Purdue University Graduate School
EaswarThesis.pdf (2.32 MB)


Download (2.32 MB)
posted on 2022-07-29, 01:39 authored by Easwar V MangipudiEaswar V Mangipudi

In this thesis, we address two applications of threshold cryptography — designing information escrows and key-distribution in cryptocurrency systems. We design escrow mechanisms in two-party and multi-party scenarios such that any unauthorized revelation of
data results in the loss of cryptocurrency by the dishonest party. Later, we discuss user mental models in adopting cryptocurrency wallets and propose a protocol to efficiently provide cryptographic keys to the users in large-user systems. An information escrow refers to users storing their data at a custodian such that it can be revealed later. In the case of unauthorized leakage of this data by the custodian (receiver of data), taking legal actions is expensive, time consuming and also difficult owing to difficulty in establishing the responsibility. We address this by automatically penalizing the custodian through the loss of cryptocurrency in case of leakage. Initially, we consider a two party scenario where a sender forwards multimedia data to a receiver; we propose the Pepal protocol
where any total or partial leakage of data penalizes the receiver. To avoid single point of failure at the receiver in a two-party system, we extend the protocol to a multi-party system where a group of agents offer the escrow as a service. However, this introduces a collusion scenario among the rational agents leading to premature and undetectable unlocking of the data. Addressing this, we propose a collusion-deterrent escrow (CDE) protocol where any collusion among the agents is penalized. We show that the provably secure protocol deters collusion in game-theoretic terms by dis-incentivising it among the rational agents. In the second part of this work, we investigate the mental models of cryptocurrency wallet users in choosing single-device or multi-device wallets along with their preferences. We investigate the user-preferred default (threshold) settings for the key distribution in the wallets. We then propose the D-KODE protocol, an efficient key-generation mechanism for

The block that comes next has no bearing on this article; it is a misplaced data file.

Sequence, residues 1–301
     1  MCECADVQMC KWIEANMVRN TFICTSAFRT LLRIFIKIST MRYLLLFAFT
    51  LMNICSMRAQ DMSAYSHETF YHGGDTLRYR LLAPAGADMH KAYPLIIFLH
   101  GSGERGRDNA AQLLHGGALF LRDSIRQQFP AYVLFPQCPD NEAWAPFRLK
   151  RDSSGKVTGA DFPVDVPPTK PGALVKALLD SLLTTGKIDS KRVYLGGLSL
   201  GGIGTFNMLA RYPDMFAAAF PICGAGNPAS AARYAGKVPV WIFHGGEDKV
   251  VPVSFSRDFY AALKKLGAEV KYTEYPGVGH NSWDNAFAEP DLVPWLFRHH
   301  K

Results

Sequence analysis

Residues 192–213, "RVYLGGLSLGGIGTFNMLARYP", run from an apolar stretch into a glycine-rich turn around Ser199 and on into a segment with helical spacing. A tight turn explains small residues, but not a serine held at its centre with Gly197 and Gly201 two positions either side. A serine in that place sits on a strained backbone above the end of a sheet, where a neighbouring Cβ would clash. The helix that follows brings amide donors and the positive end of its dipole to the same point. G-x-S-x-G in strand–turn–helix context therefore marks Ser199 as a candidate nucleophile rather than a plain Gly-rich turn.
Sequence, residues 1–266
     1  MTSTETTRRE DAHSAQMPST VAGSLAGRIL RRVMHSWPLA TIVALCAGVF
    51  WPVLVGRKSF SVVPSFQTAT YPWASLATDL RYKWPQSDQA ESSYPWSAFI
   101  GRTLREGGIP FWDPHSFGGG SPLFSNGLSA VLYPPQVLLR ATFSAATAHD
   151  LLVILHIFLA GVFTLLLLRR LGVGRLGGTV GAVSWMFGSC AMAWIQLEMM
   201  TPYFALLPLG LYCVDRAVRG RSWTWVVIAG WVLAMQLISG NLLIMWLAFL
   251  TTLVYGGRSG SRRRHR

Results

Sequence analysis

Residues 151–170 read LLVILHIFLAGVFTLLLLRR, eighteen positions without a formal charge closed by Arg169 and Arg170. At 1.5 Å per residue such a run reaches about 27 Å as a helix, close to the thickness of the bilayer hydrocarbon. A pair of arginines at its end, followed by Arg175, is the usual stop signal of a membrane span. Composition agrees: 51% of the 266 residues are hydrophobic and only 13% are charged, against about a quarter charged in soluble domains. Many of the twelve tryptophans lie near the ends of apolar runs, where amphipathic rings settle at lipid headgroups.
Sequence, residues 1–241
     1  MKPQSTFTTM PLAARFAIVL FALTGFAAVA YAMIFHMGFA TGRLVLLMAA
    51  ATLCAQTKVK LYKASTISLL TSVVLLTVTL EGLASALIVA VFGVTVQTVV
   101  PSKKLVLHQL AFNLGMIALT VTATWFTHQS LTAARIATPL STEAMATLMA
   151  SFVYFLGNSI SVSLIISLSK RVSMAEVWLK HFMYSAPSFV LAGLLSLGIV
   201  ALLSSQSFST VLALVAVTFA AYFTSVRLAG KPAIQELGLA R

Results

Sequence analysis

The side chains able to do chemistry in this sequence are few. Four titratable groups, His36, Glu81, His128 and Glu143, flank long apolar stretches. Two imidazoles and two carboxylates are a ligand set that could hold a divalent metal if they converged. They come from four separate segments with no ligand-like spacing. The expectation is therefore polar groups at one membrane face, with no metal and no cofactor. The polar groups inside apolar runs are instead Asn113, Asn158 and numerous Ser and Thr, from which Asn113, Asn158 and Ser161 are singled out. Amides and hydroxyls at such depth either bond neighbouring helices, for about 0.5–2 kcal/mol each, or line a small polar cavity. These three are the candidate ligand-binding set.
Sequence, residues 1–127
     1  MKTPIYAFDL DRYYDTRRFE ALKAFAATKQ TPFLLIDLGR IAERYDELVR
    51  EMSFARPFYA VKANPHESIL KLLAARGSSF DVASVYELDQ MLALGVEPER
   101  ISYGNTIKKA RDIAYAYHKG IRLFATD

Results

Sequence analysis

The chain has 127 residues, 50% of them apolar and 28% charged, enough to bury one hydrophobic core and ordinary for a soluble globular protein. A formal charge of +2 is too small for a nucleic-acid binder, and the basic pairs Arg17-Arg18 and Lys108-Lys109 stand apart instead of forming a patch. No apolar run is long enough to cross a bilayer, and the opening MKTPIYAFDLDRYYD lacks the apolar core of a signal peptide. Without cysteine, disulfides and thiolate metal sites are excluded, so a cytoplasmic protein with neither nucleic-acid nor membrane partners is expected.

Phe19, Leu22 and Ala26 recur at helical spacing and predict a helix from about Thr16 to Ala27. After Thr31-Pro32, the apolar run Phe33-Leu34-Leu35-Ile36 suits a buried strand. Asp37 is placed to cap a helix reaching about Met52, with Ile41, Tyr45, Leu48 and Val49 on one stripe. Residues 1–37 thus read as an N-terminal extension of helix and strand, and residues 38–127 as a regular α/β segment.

cryptocurrency systems where either the payee or payer may not have the cryptographic setup but wish to transact. The protocol utilizes a practical black-box secret sharing scheme along with a distributed almost key-homomorphic PRF to achieve the threshold key distribution.


Degree Type

  • Doctor of Philosophy


  • Computer Science

Campus location

  • West Lafayette

Advisor/Supervisor/Committee Chair

Aniket Kate

Additional Committee Member 2

Mikhail Atallah

Additional Committee Member 3

Christina Garman

Additional Committee Member 4

Alexandros Psomas

Usage metrics